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Medical News

HIV Testing Project Discovers 18,000 New Cases

June 24, 2011

A CDC initiative to expand HIV testing and link those infected to care resulted in more than 18,000 new diagnoses, the agency reported Thursday. Launched in 2007, the three-year, $111 million Expanded HIV Testing Initiative operated in 25 jurisdictions with high HIV prevalence. Health departments chosen as EHTI partners were required to target at least 80 percent of efforts on opt-out HIV screening in high-morbidity clinical settings; they had the option of directing up to 20 percent of efforts toward innovative testing programs for high-risk populations, such a social networking approaches for men who have sex with men (MSM).

In the program, 2.8 million HIV tests were conducted, and 29,503 (1.1 percent) were positive, including 18,432 previously undiagnosed cases. Blacks were a particular focus of EHTI, representing about 60 percent of those tested and 70 percent of the new diagnoses. Nearly three-quarters of those newly diagnosed were men. In the screening, men were more than twice as likely as women to test HIV-positive.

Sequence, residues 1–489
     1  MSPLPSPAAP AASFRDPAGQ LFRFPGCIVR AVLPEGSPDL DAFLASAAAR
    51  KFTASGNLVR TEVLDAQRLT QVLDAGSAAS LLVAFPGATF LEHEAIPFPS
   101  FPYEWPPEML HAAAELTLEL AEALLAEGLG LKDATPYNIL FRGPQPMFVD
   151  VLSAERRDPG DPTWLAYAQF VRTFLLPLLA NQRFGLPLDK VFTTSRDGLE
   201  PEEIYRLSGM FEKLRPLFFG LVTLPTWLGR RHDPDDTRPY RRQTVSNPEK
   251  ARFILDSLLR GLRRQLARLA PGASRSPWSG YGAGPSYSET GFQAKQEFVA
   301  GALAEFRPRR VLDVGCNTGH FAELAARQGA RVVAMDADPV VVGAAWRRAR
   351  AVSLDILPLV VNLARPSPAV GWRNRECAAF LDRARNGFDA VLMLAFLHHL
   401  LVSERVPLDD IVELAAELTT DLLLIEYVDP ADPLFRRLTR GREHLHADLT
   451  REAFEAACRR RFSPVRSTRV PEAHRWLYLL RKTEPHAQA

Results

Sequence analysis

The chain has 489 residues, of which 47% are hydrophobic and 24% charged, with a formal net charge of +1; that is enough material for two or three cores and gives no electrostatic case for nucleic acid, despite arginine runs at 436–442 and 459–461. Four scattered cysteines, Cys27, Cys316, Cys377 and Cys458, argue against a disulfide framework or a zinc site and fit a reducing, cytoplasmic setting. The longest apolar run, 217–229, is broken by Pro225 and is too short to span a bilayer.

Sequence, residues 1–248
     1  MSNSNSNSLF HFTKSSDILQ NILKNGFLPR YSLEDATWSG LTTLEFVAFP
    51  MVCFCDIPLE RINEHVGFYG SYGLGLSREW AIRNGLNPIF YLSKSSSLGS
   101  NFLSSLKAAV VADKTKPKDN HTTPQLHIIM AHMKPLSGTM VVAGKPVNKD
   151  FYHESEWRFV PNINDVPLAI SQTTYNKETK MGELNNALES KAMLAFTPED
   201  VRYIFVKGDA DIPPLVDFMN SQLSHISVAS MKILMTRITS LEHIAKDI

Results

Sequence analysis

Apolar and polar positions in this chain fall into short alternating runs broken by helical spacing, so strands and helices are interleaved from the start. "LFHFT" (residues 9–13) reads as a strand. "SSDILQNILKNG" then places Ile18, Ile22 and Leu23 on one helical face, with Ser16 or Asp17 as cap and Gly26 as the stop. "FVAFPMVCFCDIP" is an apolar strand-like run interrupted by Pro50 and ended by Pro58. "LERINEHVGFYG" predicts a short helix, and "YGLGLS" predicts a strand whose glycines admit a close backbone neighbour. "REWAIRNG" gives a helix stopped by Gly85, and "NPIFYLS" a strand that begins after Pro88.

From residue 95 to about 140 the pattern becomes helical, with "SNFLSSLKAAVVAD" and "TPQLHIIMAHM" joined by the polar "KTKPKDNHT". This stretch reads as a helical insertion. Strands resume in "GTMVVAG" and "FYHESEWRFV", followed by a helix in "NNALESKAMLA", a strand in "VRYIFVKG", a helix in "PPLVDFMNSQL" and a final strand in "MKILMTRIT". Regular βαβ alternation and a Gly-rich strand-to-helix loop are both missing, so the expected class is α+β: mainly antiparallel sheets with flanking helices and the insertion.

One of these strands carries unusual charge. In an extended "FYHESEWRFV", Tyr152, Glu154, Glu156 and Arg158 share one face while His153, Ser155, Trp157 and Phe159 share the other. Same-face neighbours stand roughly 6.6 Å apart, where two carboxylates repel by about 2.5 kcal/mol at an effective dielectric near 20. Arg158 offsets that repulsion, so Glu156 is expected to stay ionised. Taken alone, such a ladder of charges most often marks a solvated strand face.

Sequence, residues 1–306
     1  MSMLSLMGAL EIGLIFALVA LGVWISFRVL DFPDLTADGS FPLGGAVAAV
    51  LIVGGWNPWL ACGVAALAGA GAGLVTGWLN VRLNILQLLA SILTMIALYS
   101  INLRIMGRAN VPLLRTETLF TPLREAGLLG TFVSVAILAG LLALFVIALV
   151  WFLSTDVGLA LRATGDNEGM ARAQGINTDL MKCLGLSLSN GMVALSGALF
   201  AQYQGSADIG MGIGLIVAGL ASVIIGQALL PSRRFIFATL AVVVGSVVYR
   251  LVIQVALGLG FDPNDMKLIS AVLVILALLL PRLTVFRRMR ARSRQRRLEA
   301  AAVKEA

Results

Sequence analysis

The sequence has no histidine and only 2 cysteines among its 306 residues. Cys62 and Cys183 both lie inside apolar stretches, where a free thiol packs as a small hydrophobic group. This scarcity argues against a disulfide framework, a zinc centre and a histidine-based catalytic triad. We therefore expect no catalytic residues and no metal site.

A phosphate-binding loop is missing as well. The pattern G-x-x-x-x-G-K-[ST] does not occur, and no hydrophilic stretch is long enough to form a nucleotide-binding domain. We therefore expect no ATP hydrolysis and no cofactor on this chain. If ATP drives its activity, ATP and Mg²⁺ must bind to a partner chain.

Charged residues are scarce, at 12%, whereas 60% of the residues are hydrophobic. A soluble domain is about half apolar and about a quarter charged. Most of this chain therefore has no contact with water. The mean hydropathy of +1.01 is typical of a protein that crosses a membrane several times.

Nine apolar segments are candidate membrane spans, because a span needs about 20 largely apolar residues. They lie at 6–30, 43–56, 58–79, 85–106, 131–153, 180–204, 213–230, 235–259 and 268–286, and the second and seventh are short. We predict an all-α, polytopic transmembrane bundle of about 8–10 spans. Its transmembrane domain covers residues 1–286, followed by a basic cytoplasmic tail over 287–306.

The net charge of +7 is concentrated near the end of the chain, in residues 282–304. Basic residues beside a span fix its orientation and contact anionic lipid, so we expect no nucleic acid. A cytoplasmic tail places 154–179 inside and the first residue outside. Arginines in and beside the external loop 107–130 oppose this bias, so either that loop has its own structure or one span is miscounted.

Clinical settings comprised at least 75 percent of testing venues and 90 percent of all tests. About 30 percent were emergency departments, 21 percent STD clinics, and 17 percent community health centers. Community-based organizations conducted about 10 percent of tests, and their rate of positivity was about twice that found in medical settings.

Of those testing positive: 93 percent received their results; 78 percent were linked to medical care; and 83 percent were referred to partner notification services.

EHTI is now expanding to include 30 states and cities with about $50 million in annual support for targeted testing, said Dr. Jonathan Mermin, director of CDC's Division of HIV/AIDS Prevention. EHTI will focus on African Americans, Hispanics, injection drug users, and MSM.

"It is the job of the health care system to make HIV testing as routine as cholesterol screening," Mermin said.

The full report, "Results of the Expanded HIV Testing Initiative -- 25 Jurisdictions, United States, 2007-2010," was published in Morbidity and Mortality Weekly Report (2011;60(24):805-810).

Back to other news for June 2011

Adapted from:
Washington Post
06.24.2011; David Brown

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This article was provided by CDC National Prevention Information Network. It is a part of the publication CDC HIV/Hepatitis/STD/TB Prevention News Update.
See Also
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10 Common Fears About HIV Transmission
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